According to Moody’s, Eurozone banks have $1.5 trillion in liabilities in central and eastern Europe. US banks have little exposure. Was it just dumb luck or did they actually learn from previous mistakes?
Whatever, it’s a dark cloud hanging over the euro, which Vardy estimates is still 25% overvalued on the basis of purchasing power parity, the so-called “Big Mac” index or how much a Big Mac costs in different countries.
Lien pretty much agrees. “I think the euro is going to break $1.25,” she says. And although there’s little chance the euro could dissolve, it could go much lower.
She thinks the greenback’s recent rally may be a little long in the tooth, and she thinks the dollar index (a measure of the dollar’s strength against six major currencies) may retreat a bit from its current level around 89. Support is around 85 and resistance is at 92-93, she says.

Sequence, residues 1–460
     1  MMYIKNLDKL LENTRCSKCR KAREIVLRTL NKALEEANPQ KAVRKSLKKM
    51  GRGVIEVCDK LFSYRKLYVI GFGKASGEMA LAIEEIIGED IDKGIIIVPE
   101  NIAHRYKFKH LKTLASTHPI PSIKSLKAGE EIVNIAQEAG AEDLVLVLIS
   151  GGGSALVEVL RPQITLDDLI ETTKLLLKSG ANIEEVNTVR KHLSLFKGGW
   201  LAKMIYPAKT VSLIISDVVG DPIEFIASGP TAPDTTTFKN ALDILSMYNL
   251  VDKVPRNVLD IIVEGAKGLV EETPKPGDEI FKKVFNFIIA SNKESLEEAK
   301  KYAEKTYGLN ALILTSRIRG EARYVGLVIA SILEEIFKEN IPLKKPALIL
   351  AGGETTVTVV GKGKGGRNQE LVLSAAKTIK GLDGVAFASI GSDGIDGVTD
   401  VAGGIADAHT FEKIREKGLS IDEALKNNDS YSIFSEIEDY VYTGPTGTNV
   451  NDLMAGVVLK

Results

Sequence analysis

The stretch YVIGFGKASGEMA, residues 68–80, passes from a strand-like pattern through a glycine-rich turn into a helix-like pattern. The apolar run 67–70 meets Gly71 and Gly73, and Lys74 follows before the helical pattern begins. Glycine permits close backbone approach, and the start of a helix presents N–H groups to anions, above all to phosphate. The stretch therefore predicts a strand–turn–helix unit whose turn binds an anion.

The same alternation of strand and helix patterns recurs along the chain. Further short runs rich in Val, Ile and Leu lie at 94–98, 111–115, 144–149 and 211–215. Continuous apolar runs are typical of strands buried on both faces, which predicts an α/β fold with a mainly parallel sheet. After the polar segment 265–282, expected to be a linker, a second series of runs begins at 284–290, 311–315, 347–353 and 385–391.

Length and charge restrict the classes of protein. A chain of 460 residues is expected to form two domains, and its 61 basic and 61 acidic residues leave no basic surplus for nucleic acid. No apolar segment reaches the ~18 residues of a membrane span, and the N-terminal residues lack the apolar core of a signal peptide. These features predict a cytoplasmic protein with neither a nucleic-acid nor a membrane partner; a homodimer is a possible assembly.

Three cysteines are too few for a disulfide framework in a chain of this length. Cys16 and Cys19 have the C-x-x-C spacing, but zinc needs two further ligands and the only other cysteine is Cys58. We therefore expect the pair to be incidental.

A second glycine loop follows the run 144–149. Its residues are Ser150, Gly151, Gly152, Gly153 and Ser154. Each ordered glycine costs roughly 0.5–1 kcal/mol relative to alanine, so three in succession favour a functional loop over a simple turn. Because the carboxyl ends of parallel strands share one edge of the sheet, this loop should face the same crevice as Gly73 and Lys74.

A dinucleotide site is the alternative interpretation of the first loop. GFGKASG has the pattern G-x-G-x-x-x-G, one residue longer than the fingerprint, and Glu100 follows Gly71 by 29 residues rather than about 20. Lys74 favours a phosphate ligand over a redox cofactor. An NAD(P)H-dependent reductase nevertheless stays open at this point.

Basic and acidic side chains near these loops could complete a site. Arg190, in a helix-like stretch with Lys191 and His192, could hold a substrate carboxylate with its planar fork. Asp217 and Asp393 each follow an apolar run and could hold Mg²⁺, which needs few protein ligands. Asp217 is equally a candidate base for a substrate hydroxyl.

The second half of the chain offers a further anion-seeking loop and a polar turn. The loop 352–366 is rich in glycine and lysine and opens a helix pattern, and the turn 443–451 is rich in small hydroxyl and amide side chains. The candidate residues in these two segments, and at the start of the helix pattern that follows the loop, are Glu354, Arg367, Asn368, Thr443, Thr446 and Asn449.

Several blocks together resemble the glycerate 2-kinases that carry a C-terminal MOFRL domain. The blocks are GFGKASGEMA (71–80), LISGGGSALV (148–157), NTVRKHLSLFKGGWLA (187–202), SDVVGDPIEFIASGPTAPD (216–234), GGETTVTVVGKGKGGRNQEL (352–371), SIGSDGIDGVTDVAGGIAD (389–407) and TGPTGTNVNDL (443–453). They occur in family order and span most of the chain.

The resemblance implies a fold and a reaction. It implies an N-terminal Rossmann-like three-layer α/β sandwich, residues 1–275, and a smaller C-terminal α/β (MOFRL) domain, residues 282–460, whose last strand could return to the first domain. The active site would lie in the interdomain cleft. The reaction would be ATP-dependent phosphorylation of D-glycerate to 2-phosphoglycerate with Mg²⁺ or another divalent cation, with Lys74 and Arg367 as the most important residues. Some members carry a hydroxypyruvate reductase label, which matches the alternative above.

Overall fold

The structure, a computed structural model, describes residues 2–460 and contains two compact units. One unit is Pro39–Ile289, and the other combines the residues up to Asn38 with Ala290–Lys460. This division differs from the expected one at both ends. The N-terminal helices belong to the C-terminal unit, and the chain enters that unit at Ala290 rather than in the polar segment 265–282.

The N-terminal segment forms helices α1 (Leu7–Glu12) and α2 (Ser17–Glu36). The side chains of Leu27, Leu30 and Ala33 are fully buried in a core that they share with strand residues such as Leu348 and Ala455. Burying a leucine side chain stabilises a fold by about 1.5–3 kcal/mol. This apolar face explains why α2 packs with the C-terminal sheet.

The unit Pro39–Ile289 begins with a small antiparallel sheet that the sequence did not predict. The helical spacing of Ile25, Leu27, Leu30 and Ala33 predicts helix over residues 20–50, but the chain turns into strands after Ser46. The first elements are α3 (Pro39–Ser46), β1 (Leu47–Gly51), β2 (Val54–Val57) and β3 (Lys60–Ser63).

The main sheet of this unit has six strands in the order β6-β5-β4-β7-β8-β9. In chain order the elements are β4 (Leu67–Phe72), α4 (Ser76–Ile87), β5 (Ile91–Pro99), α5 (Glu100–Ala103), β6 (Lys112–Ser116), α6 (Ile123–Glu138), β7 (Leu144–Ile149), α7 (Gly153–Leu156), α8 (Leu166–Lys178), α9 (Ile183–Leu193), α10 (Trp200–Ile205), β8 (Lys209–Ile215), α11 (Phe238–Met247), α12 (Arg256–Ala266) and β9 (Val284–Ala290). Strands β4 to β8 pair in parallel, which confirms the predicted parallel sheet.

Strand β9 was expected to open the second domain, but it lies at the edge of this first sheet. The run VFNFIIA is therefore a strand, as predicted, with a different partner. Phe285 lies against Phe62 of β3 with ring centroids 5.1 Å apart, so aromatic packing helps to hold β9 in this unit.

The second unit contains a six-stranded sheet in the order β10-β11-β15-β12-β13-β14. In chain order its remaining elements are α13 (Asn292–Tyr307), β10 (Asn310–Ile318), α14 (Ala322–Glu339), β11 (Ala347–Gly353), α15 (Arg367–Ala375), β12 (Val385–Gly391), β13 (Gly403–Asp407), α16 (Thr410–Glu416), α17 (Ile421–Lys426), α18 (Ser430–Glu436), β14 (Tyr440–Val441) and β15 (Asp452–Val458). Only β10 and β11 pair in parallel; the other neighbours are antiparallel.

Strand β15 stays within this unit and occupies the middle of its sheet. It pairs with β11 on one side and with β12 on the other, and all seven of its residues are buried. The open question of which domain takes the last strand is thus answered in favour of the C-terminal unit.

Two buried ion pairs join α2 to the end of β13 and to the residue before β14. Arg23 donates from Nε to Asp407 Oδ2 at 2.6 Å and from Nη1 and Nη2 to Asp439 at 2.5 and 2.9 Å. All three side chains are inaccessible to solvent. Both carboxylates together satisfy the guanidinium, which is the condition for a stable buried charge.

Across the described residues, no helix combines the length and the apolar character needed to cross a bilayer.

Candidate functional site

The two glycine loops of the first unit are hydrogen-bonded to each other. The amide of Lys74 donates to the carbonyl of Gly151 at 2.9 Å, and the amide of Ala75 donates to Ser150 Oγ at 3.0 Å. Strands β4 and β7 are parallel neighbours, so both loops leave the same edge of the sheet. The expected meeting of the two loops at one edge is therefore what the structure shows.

I think it could challenge those highs as investors increasingly look stateside for risk protection. That may sound ironic given the mess we’re in, but everybody’s in a leaky boat, only some boats have bigger holes than others.
Whatever you think of the Obama administration’s efforts to stimulate the economy and rescue the financial system—and I have a lot of reservations about what we’ve seen so far—investors and traders are giving the US credit for bailing the water over the side faster than some of the other wounded craft in the sea.
I know that doesn’t sound like much, but it’s probably enough to keep the greenback afloat for a while.Howard R. Gold is executive editor of Moneyshow.com. The opinions expressed here are his own.